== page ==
Failure to File Motion to SuppressPetitioner argues that he received ineffective assistance of counsel because trial counsel failed to file a motion to suppress the audio tapes. He maintains that the tapes were the result of an illegal search and seizure and that Ms. McSwain was acting as an agent for law enforcement when she searched the property.
The facts indicated that the property was searched three times pursuant to two search warrants and one consensual search. When Ms. McSwain came to retrieve a copy of the victim's will and insurance policies, she found the tapes and turned them over to law enforcement. The police had no knowledge of the existence of the tapes prior to receiving them. Trial counsel felt that there was no basis for a motion to suppress because the tapes were not seized by the police.
The post-conviction court determined that the decision to forgo a motion to suppress was a tactical decision made by trial counsel after preparation for the case. Again, we will not second-guess a reasonably-based trial strategy that is made after adequate preparation for the case. Adkins, 911 S.W.2d at 347; Cooper, 847 S.W.2d at 528. Further, Petitioner has failed to show that the motion to suppress would have been granted or that there is a reasonable probability that the proceedings would have concluded differently had counsel performed the suggested task. Vaughn v. State, 202 S.W.3d 106, 120 (Tenn. 2006) (citing Strickland, 466 U.S. at 687). The evidence does not preponderate against the determination of the post-conviction court.
Failure of Appellate Counsel to ObjectPetitioner also claims that he received ineffective assistance of counsel because appellate counsel failed to object when the trial court did not declare a mistrial or strike a portion of the prosecutor's closing argument. Petitioner refers to the portion of the closing argument in which "Mr. Morriss" stated that "he only prosecutes guilty people." The State notes that "Mr. Morriss" was not one of the State's attorneys and the transcript does not contain such a statement.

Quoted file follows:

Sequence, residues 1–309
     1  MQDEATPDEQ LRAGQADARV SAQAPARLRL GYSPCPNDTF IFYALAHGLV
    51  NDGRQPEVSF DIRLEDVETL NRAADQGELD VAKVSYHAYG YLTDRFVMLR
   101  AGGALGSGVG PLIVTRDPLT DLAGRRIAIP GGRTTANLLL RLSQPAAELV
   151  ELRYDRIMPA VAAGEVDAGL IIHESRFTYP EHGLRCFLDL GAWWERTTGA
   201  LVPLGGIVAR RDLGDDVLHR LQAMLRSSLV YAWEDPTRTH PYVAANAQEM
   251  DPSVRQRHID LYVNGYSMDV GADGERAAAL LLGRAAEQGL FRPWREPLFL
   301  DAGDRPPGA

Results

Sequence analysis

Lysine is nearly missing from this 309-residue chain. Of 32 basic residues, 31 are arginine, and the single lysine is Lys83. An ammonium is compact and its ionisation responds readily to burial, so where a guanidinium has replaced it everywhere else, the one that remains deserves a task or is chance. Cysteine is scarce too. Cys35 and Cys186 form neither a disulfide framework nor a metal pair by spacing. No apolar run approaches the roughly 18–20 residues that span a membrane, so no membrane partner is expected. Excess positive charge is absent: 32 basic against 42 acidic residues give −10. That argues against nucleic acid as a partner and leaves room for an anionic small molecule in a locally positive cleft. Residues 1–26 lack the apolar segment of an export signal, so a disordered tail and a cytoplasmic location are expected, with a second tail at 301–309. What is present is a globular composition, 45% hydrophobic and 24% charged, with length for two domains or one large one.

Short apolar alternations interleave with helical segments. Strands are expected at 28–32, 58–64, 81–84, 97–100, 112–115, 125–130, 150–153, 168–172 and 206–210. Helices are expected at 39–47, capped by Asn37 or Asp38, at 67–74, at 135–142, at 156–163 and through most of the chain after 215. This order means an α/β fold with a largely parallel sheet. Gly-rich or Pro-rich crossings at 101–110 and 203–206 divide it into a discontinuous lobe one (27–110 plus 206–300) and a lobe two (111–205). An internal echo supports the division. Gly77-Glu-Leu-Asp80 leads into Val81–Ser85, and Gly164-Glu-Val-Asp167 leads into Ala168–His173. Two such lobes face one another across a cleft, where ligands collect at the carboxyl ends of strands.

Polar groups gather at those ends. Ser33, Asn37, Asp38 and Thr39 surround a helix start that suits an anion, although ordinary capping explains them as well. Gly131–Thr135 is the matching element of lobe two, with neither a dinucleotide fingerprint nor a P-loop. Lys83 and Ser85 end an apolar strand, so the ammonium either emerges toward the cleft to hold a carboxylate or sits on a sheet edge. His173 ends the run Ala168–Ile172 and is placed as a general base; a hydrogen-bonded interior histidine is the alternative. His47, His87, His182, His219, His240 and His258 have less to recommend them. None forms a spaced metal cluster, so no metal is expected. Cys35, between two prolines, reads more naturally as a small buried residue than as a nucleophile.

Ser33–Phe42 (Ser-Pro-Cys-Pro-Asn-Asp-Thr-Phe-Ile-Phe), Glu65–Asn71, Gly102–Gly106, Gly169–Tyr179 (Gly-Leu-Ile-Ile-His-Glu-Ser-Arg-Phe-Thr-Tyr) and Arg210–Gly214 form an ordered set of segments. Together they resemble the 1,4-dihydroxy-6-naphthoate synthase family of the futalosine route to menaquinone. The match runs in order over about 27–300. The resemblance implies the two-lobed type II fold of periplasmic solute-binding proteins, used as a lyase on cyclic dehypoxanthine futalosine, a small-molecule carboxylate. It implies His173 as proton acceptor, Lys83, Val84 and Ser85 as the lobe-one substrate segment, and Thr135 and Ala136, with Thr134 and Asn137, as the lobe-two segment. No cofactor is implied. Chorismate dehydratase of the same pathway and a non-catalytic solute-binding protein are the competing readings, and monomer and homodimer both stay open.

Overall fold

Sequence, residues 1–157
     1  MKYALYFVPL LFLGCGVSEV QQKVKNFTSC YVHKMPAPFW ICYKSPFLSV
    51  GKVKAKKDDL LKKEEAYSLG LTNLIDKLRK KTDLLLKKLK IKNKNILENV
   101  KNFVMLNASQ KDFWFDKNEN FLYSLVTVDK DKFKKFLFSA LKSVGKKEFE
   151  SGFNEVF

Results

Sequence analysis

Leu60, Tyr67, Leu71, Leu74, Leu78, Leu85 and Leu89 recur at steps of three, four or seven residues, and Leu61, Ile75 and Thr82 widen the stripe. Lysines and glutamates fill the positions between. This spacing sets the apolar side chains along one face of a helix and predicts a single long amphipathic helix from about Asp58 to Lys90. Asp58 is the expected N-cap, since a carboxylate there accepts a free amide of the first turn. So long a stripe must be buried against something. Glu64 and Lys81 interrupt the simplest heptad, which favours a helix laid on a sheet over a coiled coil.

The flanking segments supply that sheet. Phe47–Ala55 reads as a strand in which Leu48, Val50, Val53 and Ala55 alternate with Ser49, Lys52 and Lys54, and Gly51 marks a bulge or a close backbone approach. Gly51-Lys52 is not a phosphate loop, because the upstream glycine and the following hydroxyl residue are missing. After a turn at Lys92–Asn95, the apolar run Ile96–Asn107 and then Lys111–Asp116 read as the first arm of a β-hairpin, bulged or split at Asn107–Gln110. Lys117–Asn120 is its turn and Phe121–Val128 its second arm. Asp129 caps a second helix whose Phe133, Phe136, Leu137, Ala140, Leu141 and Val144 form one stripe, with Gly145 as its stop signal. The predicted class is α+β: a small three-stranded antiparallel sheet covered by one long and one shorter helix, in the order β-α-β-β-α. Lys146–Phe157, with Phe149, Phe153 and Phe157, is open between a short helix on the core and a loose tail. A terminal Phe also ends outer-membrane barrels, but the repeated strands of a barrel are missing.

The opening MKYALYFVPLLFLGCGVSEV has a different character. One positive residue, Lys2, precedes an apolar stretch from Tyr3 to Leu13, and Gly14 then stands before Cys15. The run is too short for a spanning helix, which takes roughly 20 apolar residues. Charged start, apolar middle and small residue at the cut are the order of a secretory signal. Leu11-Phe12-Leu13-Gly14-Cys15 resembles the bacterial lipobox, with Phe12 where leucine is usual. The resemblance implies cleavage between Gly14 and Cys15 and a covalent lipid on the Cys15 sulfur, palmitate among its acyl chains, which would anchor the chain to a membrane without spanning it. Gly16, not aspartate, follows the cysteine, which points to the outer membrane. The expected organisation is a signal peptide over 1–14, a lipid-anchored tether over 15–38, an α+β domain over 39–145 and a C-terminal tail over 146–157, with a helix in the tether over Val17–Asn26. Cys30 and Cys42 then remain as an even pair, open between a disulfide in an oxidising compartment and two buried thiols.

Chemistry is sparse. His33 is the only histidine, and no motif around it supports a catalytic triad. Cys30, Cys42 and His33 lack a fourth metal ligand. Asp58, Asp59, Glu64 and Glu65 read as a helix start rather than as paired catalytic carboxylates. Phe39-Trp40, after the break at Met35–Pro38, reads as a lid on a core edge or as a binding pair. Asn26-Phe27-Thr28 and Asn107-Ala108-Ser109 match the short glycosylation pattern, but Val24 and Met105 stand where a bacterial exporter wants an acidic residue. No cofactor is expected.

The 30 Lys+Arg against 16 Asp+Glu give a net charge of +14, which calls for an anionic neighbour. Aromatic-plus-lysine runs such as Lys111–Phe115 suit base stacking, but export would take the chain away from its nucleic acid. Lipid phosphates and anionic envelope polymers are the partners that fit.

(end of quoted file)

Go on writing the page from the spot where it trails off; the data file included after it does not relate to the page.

As the State notes, Petitioner fails to point to this portion of the argument in the transcript. The evidence at the post-conviction hearing indicates that appellate counsel did not feel that this issue would be successful on appeal, if indeed there was such a statement by "Mr. Morriss." In other words, appellate counsel made a tactical decision not to raise the issue on appeal. Appellate counsel is not constitutionally required to raise every conceivable issue on appeal. Carpenter v. State, 126 S.W.3d 879, 887 (Tenn. 2004). In fact, such decisions are generally within the discretion of appellate counsel when the "choices are within the range of competence required of attorneys in criminal cases." Id. Petitioner has failed to demonstrate that this issue would have been successful on appeal. In other words, he failed to prove this claim by clear and convincing evidence. This issue is without merit.
ConclusionFor the foregoing reasons, the judgment of the post-conviction court is affirmed.
1. On direct appeal, the witness's name is spelled "Cheryl." During the post-conviction hearing, the witness informed the court reporter that her name was spelled "Cherl."
2. There was some issue at the post-conviction hearing as to whether the petition filed by Petitioner was actually untimely. The post-conviction court determined at the beginning of the hearing on the petition that the petition was indeed timely. The record revealed that the petition was signed, notarized and delivered to the appropriate person at the jail on May 28, 2000, within the time set for filing under Tennessee Rule of Criminal Procedure 49(d)(1).
3. Petitioner referred to the case as "U.S. v. Walker."
4. The rebuttal closing argument was actually made by the other prosecutor that was representing the State.